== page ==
This may well be the first time you have worked to a budget. When you don't have money, there is nothing to manage, but now you have some, it's probably just a lump sum which only goes one way: down, and what you must do is make sure it lasts as long as you need it to. Here are some tips for doing just that.
Set a Budget
Let's assume you've got your student loan and it's not a fortune. Your parents may or may not be giving you a few bucks too, but you've got a certain amount of money. What you need to do now is itemize what must be paid for: rent, food, phone including data package, books, and associated study materials. Make it a comprehensive list, so don't forget all the bathroom stuff.
See what that adds up to per month or per semester, then subtract it from the amount you will have to work with. What is left over is what's called disposable income, yours to do what you like with, and it will have to cover entertainment and social activities.
Look for student discounts. Some restaurants like students and may give you a reduced rate on meals, because having you in there spending a little is better than not having you in there at all.
If you're going to have to travel a long way to get to college at the beginning of each semester and home at the end, see if there is some sort of student card. Also, within the town where you're going to be living, see if students or, say, people under 22 get free bus travel or subway passes. As for the books, can you get an online one, Kindle-style, and remember there are alternatives, or does it have to be a physical, printed book? If so, there may be used ones at college that you can buy cheap, helpfully bequeathed by former students who have been down this road before you.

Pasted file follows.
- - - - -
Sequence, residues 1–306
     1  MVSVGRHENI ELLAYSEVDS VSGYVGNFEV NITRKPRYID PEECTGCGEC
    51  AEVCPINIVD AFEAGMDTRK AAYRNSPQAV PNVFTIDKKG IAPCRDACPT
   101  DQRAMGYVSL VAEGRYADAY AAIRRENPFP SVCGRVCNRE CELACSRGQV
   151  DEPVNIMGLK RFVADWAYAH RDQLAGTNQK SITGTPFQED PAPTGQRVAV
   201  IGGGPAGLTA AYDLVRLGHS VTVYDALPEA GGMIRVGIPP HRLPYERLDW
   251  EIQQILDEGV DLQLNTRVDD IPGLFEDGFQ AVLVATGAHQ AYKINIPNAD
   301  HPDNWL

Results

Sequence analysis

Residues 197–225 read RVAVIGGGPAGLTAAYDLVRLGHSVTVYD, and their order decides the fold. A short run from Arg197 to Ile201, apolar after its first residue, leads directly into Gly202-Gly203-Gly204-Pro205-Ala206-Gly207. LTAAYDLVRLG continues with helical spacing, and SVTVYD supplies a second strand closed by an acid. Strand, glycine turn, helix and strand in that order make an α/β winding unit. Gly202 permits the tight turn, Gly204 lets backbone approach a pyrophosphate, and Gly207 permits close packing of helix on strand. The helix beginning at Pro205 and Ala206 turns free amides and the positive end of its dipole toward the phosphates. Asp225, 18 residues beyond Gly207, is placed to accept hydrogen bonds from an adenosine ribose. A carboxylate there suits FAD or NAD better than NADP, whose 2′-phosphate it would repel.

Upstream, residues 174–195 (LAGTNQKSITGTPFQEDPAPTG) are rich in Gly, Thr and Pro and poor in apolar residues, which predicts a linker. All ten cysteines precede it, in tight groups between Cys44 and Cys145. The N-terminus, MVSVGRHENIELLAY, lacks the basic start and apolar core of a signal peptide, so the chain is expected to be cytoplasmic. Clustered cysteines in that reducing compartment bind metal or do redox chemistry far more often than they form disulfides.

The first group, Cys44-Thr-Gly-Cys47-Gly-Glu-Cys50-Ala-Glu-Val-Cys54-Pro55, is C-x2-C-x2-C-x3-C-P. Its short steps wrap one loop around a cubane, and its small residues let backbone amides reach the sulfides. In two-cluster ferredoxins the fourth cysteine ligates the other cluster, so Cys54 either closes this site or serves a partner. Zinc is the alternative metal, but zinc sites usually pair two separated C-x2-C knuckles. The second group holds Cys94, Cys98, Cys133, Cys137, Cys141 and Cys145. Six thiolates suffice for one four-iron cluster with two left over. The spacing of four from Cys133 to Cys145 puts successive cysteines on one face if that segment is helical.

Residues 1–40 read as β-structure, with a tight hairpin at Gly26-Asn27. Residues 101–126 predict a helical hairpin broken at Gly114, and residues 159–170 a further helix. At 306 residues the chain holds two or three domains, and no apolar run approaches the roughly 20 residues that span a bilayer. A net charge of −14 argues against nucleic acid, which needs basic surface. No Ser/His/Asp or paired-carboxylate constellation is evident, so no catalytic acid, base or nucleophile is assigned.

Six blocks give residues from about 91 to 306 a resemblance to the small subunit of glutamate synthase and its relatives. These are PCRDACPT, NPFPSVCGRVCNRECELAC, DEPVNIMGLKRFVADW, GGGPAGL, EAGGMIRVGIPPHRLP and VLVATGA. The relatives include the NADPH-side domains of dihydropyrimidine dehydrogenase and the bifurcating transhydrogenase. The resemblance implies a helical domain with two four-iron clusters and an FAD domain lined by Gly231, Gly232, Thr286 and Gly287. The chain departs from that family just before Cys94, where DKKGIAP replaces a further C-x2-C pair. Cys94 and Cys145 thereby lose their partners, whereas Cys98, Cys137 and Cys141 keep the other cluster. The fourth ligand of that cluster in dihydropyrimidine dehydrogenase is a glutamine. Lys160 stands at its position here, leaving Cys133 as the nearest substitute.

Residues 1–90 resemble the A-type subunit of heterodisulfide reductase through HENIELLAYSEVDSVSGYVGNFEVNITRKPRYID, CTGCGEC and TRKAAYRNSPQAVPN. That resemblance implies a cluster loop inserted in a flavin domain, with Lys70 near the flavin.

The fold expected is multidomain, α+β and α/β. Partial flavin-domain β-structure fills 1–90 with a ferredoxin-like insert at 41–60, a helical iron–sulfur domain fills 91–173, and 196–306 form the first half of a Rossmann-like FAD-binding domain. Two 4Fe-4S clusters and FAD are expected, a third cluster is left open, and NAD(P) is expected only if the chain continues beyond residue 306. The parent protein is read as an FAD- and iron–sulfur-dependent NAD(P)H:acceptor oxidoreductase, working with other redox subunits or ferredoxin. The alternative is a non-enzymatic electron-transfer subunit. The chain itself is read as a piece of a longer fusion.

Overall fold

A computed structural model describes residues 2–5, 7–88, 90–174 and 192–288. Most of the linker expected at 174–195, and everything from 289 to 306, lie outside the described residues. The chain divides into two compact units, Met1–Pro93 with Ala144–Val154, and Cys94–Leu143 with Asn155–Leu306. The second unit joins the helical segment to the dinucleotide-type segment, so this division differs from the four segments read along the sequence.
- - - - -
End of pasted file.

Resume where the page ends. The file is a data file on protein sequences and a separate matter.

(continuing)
A Piece of Plastic
Now, think about if you are going to be using cash or cards? Many things can only be done with a card, particularly online purchases, so this needs to be addressed. Credit card or debit card? The bank will have something to say about this, because you don't have a regular monthly income like you would if you had a job. With a debit card you can only spend what you've got, rather than going into further debt. If you feel ready to budget and manage your own money, there is always the option to take out your first credit card. It's a big step and you should review a guide on what credit cards are best for college students. Be sure to check the interest rates and repayment terms before making your final decision.
As a general life lesson which will serve you well from here on out, you're looking for bargains, savings, cheaper ways of doing things. It's not a matter of being a cheapskate or resigned to being poor, it's being smart. Look in the food store and see if there is a section where items are reduced because they're near their expiry date. There's typically wrong with them, they're not going to be dangerous, but the law says the store can't sell them after a certain date, and you can take advantage of that.